Dogs Digging in Bed

Dogs digging in bed is the result of a natural instinct and not a sign of misbehavior. Nevertheless, a concerned owner can train a dog not to dig in certain areas so long as the dog has its own area in which to dig.

Dog Denning

Dogs digging in bed is actually called denning. In the wild, dogs have the instinct to hide in comfortable, protected areas when they sleep. Outdoors, they may dig a hole in soft ground (such as a garden) in order to create a recessed space in which they can hide from the sight of predators and keep warmer and drier during inclement weather. A den can even keep them cooler in the summer, as it protects them from the harsh sun. In the wild, dogs dig in the ground or into piles of leaves and brush if they can't find a natural place in which to hide.

Indoors, you may find dogs digging into things like blankets and bedspreads without actually creating any holes. If they can't hide under a table, under a couch or in another small alcove of the home, they may try to dig into their owner's bed. If they're invited to sleep with the owner, they may try to burrow underneath blankets and sheets in order to recreate that small, enclosed space they would naturally create in the wild.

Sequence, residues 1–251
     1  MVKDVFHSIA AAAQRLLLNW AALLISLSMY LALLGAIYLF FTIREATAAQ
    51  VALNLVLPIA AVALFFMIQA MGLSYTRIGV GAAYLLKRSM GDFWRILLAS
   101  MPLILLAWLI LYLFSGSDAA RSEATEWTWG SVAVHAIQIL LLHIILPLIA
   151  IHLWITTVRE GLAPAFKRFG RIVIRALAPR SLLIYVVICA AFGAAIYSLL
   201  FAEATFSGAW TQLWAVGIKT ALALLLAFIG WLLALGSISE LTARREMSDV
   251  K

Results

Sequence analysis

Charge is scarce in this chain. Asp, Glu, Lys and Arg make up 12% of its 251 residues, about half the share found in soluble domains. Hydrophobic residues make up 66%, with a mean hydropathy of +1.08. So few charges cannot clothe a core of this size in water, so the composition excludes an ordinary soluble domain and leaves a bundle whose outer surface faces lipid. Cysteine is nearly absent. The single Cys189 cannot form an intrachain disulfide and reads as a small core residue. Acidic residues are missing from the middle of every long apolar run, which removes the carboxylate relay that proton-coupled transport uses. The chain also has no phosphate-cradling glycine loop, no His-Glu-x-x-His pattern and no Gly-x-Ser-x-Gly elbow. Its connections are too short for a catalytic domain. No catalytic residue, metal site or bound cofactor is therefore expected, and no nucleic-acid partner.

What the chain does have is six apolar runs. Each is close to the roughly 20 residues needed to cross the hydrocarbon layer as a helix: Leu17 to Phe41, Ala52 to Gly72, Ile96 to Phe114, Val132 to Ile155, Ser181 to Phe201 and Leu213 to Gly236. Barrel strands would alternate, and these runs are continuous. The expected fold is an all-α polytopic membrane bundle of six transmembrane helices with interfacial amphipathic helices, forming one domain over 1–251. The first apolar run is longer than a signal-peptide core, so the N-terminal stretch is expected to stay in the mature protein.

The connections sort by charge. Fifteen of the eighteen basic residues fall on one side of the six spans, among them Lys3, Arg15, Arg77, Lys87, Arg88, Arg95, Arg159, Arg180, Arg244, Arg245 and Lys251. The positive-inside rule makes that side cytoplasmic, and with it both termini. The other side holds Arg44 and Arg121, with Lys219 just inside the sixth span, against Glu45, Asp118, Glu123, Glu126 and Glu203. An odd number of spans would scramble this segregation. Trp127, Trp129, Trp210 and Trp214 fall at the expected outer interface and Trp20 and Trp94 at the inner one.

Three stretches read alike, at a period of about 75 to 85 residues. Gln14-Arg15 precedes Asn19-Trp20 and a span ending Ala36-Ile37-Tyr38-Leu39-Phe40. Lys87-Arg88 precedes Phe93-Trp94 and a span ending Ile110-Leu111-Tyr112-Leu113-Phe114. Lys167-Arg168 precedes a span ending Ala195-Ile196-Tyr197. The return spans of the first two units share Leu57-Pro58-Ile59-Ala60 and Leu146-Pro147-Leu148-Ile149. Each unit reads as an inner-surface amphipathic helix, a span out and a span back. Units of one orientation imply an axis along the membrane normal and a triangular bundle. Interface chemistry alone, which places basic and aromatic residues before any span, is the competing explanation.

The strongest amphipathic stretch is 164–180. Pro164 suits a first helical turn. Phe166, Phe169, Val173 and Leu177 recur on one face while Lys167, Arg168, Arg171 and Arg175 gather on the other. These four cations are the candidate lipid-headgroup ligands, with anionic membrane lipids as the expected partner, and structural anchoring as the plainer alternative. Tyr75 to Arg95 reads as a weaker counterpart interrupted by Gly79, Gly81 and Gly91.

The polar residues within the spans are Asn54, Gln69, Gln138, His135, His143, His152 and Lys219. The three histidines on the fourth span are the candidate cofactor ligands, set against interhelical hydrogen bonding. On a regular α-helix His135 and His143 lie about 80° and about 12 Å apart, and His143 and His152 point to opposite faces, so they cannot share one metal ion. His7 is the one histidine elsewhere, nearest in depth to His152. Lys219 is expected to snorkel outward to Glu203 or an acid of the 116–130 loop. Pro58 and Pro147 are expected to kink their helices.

Why Owners May Dislike the Behavior

While dogs digging in bed is a natural instinct, the dog owner may not appreciate her bedsheets constantly getting messed up or she may not like dog hair under her sheets. In some cases, particularly if the dog's nails aren't trimmed, the dog may tear holes in the sheets, pillows or even the mattress.

How to Discourage the Behavior

The key to avoiding dogs digging in bed is not to pressure the dog to stop the behavior entirely—after all, it's a natural instinct—but to redirect the behavior. Owners can choose to do this by not allowing the dog in bed at all or keeping careful watch over the dog when he does go on the bed.

The first step in either case is to create a comfortable sleeping area for the dog in which he will be allowed to dig. The ideal area will consist of a dog bed, a pile of blankets or both. (Boxes, open crates and the like can also make good dog dens.) Encourage the dog to sleep or at least rest in this area with treats and praise when he digs there.

If the dog will no longer be allowed on the bed, the owner should close off the bedroom when she's unable to watch over the dog. Otherwise, a firm shout of "No!" when the dog jumps on the bed—repeated as many times as necessary—should help the dog learn that she is no longer allowed on the bed. The same principle can be used if the dog will be allowed on the bed but won't be allowed to dig. The owner should only shout "No!" when the dog begins digging.